Bobcat and the Foundation Entertainment Agency launched an international DJ team for the purpose of promoting new music, media, brands, goods and technologies Globally. Bobcat is founder and general manager, His wife, Chanel Ervin, is the President of Marketing.

DiscographyEdit

List of singles, with selected chart positions and certifications, showing year released and album name
Year Title Peak chart positions Certifications Album
US
US
R&B

US
Rap

CAN
FRA NL NZ SWI UK
1990 "Mama Said Knock You Out"
(LL Cool J)
17 12 1 47 41 Mama Said Knock You Out
1991 "Steady Mobbin'"
(Ice Cube)
30 3 Death Certificate
1992 "Final Frontier"
(MC Ren)
80 17 Kizz My Black Azz
"—" denotes releases that did not chart or receive certification.

ReferencesEdit

  1. ^ "RIAA – Gold & Platinum – July 6, 2012". Riaa.com. Archived from the original on July 1, 2007. Retrieved July 6, 2012.
  2. ^ Rosen, Jody (June 3, 2011). "How to Love". Rolling Stones. Archived from the original on June 6, 2011. Retrieved July 6, 2012.
  3. ^ Hess, Mickey (2007). Icons of Hip Hop: An Encyclopedia of Movement, Music and Culture: Volume 2 – Page 599. ISBN 9780313339042. Retrieved July 8, 2012.
  4. ^ "Uncle Jamms Army". Archived from the original on June 11, 2012. Retrieved July 6, 2012.
  5. ^ Sanchez, Tim (January 28, 2012). "Exclusive: Chris the Glove Taylor Talks Death Row, Aftermath, and Dr. Dre". All Hip Hop. Retrieved July 7, 2012.
  6. ^ "Hip Hop Loses a key West Coast Pioneer". 11 October 2010. Retrieved July 6, 2012.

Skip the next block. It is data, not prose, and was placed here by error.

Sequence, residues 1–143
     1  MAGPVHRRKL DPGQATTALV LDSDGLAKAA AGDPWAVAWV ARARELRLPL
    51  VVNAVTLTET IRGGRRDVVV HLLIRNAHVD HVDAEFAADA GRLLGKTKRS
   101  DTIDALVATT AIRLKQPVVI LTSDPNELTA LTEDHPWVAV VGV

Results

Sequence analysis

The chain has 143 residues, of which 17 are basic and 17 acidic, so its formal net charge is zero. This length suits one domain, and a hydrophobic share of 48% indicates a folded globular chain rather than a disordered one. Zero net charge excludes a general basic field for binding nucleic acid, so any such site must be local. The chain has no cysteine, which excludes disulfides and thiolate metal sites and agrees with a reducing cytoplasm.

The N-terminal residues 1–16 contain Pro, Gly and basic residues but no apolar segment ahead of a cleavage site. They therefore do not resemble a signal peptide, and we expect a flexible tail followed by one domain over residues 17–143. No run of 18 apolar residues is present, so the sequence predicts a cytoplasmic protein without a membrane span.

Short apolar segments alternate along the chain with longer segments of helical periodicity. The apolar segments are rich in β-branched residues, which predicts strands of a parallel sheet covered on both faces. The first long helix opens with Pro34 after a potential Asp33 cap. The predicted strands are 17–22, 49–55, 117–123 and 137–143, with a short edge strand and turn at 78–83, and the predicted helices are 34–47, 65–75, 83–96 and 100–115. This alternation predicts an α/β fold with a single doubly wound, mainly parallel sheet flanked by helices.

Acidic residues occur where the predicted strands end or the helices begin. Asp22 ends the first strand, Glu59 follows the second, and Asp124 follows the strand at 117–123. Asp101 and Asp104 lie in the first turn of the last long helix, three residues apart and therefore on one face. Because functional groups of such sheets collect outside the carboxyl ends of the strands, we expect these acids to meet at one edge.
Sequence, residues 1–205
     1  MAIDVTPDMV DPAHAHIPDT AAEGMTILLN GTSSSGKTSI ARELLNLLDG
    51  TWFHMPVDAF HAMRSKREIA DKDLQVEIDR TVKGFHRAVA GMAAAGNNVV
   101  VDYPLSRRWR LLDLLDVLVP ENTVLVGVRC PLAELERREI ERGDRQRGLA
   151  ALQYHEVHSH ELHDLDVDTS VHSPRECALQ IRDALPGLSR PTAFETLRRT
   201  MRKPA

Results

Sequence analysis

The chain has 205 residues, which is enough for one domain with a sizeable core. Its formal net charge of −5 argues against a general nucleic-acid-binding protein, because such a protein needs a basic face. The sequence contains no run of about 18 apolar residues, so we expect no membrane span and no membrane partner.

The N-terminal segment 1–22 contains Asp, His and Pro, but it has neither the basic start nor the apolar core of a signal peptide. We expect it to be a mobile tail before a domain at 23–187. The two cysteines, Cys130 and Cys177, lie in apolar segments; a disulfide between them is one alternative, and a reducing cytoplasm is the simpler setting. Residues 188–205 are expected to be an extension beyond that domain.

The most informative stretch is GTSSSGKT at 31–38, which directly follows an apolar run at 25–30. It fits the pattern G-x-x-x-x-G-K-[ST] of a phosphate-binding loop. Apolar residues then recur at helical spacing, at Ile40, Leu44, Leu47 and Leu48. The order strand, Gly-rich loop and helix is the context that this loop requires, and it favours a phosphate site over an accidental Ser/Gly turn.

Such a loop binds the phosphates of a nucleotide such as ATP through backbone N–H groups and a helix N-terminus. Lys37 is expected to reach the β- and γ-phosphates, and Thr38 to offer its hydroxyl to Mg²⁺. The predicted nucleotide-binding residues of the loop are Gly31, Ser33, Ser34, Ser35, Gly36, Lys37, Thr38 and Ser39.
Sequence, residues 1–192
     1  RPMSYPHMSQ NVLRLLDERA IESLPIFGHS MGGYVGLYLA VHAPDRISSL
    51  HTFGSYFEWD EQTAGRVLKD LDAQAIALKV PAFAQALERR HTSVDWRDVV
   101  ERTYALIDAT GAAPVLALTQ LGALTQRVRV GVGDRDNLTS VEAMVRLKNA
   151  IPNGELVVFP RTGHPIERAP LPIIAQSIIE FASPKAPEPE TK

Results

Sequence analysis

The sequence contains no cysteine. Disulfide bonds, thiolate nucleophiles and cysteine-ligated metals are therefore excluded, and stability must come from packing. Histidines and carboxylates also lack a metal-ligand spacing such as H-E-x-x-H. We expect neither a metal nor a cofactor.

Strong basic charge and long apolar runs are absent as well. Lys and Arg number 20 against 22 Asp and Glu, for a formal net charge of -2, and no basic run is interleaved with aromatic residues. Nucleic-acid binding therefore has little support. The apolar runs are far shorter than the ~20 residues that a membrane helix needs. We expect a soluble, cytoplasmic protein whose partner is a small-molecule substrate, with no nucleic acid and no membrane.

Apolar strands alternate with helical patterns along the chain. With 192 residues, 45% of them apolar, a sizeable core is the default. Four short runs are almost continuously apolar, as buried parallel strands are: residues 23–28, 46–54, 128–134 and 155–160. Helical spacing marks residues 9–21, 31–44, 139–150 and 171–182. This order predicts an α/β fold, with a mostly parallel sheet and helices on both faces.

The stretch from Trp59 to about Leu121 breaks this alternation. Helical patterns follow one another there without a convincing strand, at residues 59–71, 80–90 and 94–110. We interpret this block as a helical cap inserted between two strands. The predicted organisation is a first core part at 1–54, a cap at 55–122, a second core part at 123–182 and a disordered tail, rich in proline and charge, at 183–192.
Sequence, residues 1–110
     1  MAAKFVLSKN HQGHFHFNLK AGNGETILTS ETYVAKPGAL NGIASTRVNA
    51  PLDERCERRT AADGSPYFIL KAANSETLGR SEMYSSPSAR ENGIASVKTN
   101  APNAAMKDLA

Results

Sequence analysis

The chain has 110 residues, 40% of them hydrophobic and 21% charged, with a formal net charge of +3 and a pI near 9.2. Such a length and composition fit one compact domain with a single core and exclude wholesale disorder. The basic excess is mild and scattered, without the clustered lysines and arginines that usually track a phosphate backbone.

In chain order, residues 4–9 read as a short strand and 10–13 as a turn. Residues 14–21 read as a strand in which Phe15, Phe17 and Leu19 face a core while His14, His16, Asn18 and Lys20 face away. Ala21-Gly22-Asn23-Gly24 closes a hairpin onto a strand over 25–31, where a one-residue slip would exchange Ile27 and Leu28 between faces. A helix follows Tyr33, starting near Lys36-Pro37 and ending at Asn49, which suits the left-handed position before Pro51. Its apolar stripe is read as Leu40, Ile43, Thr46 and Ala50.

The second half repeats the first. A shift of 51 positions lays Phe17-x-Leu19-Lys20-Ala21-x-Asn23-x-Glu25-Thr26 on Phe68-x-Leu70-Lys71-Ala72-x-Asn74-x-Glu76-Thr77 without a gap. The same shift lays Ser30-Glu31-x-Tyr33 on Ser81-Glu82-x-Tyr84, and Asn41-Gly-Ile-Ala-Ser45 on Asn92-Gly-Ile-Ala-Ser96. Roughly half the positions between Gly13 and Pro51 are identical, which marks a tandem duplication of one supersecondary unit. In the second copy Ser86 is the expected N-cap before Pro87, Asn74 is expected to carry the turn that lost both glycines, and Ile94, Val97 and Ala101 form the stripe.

7. ^ "Uncle Jamm's Army". Discogs. Retrieved July 6, 2012.
  8. ^ Cross, Brian (1994). It's Not About a Salary: Rap, Race and Resistance in Los Angeles. Verso. ISBN 9780860914457. Retrieved July 8, 2012. dj bobcat.
  9. ^ Souvignier, Todd (2003). The World of DJs and Turntable Culture, page 79. Hal Leonard Corporation. ISBN 0-634-05833-9. Retrieved July 8, 2012.
  10. ^ "The Mack Attack is Back (Exclusive Interview with the man behind KDAY – July 8, 2012". raptalk.net. Archived from the original on April 30, 2008. Retrieved July 8, 2012.
  11. ^ Charnas, Dan (November 2011). The Big Payback the History of Business of Hip Hop. ISBN 9781101568118. Retrieved July 8, 2012.
  12. ^ Katz, Mark (2012). Groove Music: The Art and Culture of the Hip Hop DJ, Page150. Oxford University Press. ISBN 978-0-19-533111-0. Retrieved July 8, 2012.
  13. ^ Stancell, Steven (2000). Rap Whoz Who: The World of Rap Music. Omnibus Press. ISBN 9780825672101. Retrieved July 8, 2012.
  14. ^ Beacham, Kevin (June 6, 2012). "Redefine Hip Hop". fifth element online. Retrieved July 6, 2012.
  15. ^ Bachhuber, Daniel (April 29, 2011). "Top 10 Hip Hop Love Songs". The Urban Daily. Retrieved July 6, 2012.
  16. ^ Richburg, Chris (December 6, 2006). "DJ Pooh, DJ Battlecat Coming to Bobcat's First Ever Foundation Meeting of the Minds". All Hip Hop. Retrieved July 6, 2012.
  17. ^ "Rap Talk Sits Down Bobcat in a historic Interview". Archived from the original on August 10, 2011. Retrieved July 6, 2012.

External linksEdit